To the dark and tender North.
And I see the glooming pine-lands,
And I thrill to the Northland cold,
Where the sunset falls in silence
On the hills of gloom and gold!
And the still dusk woods close round me,
And I know the waiting eyes
Of my North, as a child's, are tender,
As a sorrowing mother's, wise!
by Arthur Stringer
Tuesday, April 24, 2007
There is a great mythology in medicine that patients 'ought' to behave rationally, and that they will somehow behave rationally if only they are compelled through argument of their physician. Rationality, through the physicians eyes, often involves the preservation of good health through the avoidance of detrimental behaviours, or through the treatment of disease. In the office this usually sounds like 'You should stop smoking', 'You should stop eating fried food', 'You should submit to screening for any number of various diseases', 'You should take better care of yourself'.
The usefulness of recognizing that this interaction is part of the is-ought problem is through recognition of the fact that much of the advice given by physicians is (in a philosophical sense) moral advice. The moral basis behind all of this ought advice is the presumption that patients ought to do what is best for their own health. In many ways this is a reasonable philosophical assumption; in other schools of thought the idea could be thought of as maximizing utility, or as a soft duty, within the confines of personal liberty.
The problem with this particular ought to is of course that it bears no resemblance what so ever to observable reality. Patients (in fact all people) simply do not make their choices in a way that optimizes health. I doubt I have ever seen a patient without a health impairing vice. People continue to smoke, lead stressful and sedentary lives, eat (delicious) fried foods, and generally take care of themselves poorly. Rarely is the moral advice of the physician heeded, though often it is given. You ought to do this, you ought not to do this, is a refrain throughout medicine. Often given, rarely heeded.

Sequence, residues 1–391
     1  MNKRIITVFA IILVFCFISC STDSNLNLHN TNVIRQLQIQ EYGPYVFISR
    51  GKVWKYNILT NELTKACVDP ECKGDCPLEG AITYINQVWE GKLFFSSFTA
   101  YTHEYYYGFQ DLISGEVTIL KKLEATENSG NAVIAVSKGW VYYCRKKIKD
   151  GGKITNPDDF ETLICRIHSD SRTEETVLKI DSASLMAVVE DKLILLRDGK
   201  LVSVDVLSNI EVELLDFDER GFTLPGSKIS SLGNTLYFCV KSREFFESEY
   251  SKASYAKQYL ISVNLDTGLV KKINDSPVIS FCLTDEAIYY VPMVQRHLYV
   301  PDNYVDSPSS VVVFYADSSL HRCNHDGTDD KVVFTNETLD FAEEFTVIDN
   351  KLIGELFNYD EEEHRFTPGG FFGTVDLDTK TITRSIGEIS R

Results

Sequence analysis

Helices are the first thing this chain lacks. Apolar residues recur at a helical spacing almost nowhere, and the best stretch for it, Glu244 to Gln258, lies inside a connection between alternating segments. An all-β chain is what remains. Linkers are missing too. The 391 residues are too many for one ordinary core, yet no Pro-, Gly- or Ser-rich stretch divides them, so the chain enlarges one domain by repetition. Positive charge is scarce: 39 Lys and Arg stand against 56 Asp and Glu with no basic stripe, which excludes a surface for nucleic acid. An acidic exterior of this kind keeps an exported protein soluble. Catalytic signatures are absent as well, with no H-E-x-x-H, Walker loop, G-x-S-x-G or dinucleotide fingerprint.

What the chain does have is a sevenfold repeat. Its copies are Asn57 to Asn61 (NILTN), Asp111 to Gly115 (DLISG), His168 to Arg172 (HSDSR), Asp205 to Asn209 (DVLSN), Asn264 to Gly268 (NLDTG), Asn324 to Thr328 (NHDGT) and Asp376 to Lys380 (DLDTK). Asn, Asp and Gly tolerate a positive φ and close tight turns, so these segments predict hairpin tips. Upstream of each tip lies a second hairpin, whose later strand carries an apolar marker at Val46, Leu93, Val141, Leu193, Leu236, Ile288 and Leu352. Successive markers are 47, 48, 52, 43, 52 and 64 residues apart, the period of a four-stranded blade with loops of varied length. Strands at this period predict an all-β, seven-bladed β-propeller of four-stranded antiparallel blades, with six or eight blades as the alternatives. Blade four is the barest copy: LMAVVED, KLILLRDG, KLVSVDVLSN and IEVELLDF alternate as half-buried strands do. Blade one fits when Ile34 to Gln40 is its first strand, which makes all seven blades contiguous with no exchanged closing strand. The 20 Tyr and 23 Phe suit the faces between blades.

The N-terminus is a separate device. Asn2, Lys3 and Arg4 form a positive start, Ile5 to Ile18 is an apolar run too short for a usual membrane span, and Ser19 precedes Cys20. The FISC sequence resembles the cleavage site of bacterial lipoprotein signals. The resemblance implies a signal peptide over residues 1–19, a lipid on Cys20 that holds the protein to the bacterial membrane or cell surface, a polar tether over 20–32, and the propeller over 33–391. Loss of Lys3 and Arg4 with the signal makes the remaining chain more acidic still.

One of the premises of this medical moralism is the presumption that people will behave rationally. Again, this is a nice idea, but is in great conflict with observable reality. 'I know I've gotta stop smoking Dr. J.' my patients tell me. They have the capacity for rationality. They recognize that they are hurting their health. They recognize the implicit ought. '...but I just don't want to yet."
As a pretender to the hard sciences medicine gravitates towards rationality. In proving objective truth about health and disease it serves a great function. In inflicting the burden of rationality on to patients it goes too far. When I give my moral advice to patients, I am not surprised that they often take a pass. The rational thing to do of course would be for all of us to maximize our health. The problem is that rationality doesn't work well for non-rational people. So I understand why my patients wave at me with their cigarette in-hand when I walk to my car, as well as I understand why I continue to enjoy a big bowl of ice cream. Knowing what we ought to do, is in many cases simply besides the point.
Monday, April 23, 2007